I recently finished reading W. J. Dawson’s “The Quest of the Simple Life.” Dawson recounts his escape from suburban life and pursuing a life fueled by “earth hunger.” Following the examples of such men as Thoreau and Wordsworth, he sought a deeper life than what he found in the metropolis of London.
Although published around 1907, it is striking how much of the issues of suburban life Dawson complained of still ring true today. Take for instance, this excerpt from Chapter 3, entitled: Getting a Living, and Living.
Such a man will rise early, sleep late, and eat the bread of carefulness, if he means to succeed. He will probably live—or be said to live—in some suburb more or less remote from the roaring centre of affairs. The first light of the winter dawn will see him alert; breakfast is a hurried passover performance; a certain train must be caught at all hazard to digestion, and the most leisured moments of the day will be those he passes in the railway carriage. Once arrived at his office he must plunge into the vortex of business; do battle with a thousand rivalries and competitions; day after day must labour in the same wearisome pursuits, content, perhaps, if at the end of the year he shall have escaped as by a miracle commercial shipwreck. He will come back to his residence, night after night, a tired man; not pleasantly wearied with pursuits which have exercised his complete powers, but tired to the point of dejection by the narrowness and monotony of his pursuits. I say he returns to his residence; I scorn to say his home, for the house he rents is merely the barrack where he sleeps. Of the life that goes on within this house, which is nominally his, he knows nothing. In its daily ordering, or even in its external features, he has no part. He has chosen no item of its furniture; he has had no hand in its decoration; he has but paid the tradesmen’s bills. His children scarcely know him; they are asleep when he goes off in the morning, and asleep when he returns at night; he is to them the strange man who sits at the head of the table once a week and carves the Sunday joint. It is well for them if they have a mother who possesses gifts of government, sympathy, and patient comprehension, for it is clear that they have no father. He gets a living, and perhaps in time an ample living; but does he live?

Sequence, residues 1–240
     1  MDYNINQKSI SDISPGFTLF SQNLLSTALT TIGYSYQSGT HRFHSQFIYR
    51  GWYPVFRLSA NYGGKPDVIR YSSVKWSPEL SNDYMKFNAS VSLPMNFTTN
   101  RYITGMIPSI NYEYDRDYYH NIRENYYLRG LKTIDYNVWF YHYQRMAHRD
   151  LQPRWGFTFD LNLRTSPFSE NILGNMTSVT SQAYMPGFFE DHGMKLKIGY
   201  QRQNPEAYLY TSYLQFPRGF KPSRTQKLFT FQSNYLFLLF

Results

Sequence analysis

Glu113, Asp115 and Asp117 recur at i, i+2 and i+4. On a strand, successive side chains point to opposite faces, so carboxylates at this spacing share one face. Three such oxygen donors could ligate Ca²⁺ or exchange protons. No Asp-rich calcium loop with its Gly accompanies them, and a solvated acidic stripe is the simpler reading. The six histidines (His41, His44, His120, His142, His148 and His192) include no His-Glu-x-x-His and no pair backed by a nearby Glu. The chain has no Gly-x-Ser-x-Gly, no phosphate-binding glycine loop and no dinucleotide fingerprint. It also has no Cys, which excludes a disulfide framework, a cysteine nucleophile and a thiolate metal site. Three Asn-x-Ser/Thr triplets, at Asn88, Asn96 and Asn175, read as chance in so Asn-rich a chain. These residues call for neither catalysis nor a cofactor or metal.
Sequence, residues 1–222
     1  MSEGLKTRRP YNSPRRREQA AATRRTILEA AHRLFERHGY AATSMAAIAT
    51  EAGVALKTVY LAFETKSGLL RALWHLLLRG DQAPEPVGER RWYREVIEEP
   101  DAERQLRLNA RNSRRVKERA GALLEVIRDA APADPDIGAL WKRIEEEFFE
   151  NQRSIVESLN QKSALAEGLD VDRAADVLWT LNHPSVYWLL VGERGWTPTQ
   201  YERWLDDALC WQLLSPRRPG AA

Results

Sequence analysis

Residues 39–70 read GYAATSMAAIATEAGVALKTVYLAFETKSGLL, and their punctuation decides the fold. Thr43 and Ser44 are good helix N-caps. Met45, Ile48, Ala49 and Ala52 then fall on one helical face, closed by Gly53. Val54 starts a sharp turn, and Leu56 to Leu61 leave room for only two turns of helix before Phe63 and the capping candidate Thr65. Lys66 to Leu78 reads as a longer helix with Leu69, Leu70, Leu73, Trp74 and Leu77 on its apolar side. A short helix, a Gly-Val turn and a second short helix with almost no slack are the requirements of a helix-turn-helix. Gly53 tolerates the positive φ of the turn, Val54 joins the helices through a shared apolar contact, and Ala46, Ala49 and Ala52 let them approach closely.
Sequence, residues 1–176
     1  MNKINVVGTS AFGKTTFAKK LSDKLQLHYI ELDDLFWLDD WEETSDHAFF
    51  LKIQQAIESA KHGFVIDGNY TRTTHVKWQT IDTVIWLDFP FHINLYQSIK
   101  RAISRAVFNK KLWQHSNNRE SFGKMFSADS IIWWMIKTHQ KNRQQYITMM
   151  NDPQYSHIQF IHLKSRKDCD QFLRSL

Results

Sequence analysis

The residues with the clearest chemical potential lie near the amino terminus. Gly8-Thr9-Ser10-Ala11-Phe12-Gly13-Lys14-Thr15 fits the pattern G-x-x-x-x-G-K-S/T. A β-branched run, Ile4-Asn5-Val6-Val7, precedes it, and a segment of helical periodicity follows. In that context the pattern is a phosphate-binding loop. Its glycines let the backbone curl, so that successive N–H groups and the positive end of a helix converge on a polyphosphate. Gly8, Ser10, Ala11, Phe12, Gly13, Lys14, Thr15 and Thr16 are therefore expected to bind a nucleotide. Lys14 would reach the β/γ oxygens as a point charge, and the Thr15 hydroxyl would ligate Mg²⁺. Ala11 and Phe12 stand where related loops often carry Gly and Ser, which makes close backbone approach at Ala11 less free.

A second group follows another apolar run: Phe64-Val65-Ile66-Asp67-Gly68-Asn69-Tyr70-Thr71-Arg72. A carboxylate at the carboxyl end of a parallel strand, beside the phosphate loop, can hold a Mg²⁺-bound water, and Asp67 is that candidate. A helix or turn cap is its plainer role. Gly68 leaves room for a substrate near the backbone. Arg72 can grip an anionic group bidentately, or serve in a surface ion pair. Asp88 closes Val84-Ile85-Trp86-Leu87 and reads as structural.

Dawson, William J. (2012-05-17). The Quest of the Simple Life (p. 18). Kindle Edition.